This year’s Great Primate Handshake expeditions have now drawn to a close, leaving staff and volunteers to reflect on two incredible months in Kenya and Uganda.
From the coast and colobus monkeys in Mombasa, to community conservation projects in Kibale Forest, via tree planting projects, mountains, conservancies, sanctuaries on islands and forests buzzing with life, the Handshake team covered some truly inspirational projects and produced digital media content to be proud of. The content, including videos, photographs and web materials, is going to be released over the coming weeks, but for now, a summary of the people, primates and places of The Great Primate Handshake 2012 is below.
Kenya, 17th July – 13th August 2012
After completing volunteer orientation in Mombasa, the first two projects we undertook in Kenya were for The Colobus Trust and WWF Cymru, who, along with Size of Wales, provide funding and support to projects in Kwale County. With lots of work to cover, the team split in two, with half documenting The Colobus Trust’s incredible work, including the successful raising of orphaned colobus monkey Betsy, and the other half visiting a tree nursery, Lima self-help group, Shimba Hills National Reserve, and Kaya Kinondo Sacred Forest to create content highlighting the fantastic efforts of people in Kwale County to protect the environment and improve livelihoods.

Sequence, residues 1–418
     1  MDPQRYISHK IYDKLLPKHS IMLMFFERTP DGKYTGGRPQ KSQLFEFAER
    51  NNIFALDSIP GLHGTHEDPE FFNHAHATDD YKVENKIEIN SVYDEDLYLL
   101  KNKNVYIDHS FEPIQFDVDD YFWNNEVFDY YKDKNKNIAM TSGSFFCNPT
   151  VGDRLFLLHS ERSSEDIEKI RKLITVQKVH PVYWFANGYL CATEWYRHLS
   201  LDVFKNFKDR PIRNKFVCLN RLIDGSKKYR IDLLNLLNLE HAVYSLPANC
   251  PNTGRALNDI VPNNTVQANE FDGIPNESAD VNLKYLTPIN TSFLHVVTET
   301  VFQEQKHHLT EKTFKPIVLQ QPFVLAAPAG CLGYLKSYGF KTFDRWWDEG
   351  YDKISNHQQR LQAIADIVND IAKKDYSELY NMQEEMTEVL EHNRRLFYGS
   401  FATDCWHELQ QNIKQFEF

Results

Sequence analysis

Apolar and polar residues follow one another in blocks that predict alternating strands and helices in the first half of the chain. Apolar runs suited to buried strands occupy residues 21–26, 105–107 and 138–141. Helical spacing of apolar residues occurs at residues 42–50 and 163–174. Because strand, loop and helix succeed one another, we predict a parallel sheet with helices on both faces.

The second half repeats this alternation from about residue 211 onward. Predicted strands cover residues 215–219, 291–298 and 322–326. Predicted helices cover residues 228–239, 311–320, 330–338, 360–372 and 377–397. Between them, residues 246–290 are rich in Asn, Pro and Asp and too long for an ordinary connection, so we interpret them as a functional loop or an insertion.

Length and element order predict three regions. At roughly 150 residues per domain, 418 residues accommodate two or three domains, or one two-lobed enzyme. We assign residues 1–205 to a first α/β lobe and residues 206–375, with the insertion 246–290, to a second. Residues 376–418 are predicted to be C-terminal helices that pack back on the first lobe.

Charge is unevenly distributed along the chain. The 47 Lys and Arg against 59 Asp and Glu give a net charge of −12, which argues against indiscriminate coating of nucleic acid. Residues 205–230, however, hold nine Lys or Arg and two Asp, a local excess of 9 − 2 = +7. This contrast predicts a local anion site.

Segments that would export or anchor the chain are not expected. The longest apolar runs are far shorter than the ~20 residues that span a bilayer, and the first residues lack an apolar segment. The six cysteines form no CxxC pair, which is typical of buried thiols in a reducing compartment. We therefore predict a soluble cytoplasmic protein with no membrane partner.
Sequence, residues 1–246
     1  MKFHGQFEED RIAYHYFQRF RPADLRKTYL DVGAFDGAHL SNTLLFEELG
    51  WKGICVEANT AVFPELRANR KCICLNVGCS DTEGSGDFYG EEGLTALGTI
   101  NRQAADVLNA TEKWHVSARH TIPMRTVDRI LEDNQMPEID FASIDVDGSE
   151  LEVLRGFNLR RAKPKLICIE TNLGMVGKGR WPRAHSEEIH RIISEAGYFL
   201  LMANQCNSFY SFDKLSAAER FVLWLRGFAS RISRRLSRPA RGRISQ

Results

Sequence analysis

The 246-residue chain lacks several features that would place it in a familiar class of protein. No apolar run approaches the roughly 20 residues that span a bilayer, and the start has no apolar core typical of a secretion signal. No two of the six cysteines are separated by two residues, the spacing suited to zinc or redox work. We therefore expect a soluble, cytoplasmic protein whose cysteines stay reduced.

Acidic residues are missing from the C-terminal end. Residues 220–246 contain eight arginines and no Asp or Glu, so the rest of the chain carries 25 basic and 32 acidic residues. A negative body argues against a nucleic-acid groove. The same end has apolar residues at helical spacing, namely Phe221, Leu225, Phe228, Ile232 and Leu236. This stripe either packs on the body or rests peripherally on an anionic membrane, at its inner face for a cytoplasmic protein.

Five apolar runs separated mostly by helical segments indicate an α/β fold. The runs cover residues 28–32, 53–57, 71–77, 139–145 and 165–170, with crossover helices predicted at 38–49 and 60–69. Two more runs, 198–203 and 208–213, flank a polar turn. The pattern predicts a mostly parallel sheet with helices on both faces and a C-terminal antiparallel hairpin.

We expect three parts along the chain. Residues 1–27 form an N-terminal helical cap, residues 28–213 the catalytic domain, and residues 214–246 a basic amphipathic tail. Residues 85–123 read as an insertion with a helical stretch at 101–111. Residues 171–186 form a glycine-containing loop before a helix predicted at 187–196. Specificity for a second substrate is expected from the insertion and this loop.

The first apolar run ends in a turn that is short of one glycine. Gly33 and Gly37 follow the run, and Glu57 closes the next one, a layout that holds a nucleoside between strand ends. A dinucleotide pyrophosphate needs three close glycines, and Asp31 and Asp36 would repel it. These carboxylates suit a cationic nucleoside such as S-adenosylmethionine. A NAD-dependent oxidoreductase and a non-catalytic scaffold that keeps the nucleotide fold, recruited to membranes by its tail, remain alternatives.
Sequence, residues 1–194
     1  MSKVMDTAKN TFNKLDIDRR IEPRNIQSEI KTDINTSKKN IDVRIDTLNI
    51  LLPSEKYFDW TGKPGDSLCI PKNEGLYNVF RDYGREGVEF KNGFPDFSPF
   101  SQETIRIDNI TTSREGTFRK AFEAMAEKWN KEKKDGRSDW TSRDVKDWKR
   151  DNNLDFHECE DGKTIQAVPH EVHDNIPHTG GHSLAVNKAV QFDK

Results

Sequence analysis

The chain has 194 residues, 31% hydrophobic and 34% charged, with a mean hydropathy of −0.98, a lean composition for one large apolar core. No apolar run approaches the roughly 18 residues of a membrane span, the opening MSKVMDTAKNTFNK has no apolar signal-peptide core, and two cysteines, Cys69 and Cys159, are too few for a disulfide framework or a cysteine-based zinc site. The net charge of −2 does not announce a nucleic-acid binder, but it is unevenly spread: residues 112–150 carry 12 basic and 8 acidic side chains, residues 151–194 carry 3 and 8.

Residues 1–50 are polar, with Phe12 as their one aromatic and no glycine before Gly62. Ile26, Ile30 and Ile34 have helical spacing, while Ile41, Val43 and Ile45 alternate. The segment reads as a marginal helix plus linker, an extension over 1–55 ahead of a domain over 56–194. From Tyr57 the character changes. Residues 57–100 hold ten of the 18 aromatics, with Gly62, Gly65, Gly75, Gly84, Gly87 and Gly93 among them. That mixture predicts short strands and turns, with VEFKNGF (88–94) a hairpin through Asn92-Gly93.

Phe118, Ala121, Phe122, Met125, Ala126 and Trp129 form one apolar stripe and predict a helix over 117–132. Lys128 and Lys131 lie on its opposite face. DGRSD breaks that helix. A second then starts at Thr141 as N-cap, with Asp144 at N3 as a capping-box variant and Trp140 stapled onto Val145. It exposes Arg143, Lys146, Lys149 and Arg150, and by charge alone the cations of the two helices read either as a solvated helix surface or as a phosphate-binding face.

Leaving Diani Beach and Mombasa behind, but remaining in Kenya’s Coastal Province, we next travelled to Bore to continue the Great Primate Handshake’s work with Community Carbon Link and Size of Wales. While in Bore, we visited Kundeni Primary School to find out about Community Carbon Link’s recently launched One Tree, One Child, One Planet initiative; saw how a well, solar pump and water storage tanks have positively impacted the community, and hiked with members of Bore Green Umbrella to Hell’s Kitchen, an incredible escarpment which hosts newly-planted trees and is the proposed site for a visitor and research centre.